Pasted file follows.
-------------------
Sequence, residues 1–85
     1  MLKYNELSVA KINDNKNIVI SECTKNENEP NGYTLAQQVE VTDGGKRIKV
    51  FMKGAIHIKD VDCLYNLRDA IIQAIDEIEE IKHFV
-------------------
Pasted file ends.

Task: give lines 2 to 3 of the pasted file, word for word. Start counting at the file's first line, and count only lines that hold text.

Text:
     1  MLKYNELSVA KINDNKNIVI SECTKNENEP NGYTLAQQVE VTDGGKRIKV
    51  FMKGAIHIKD VDCLYNLRDA IIQAIDEIEE IKHFV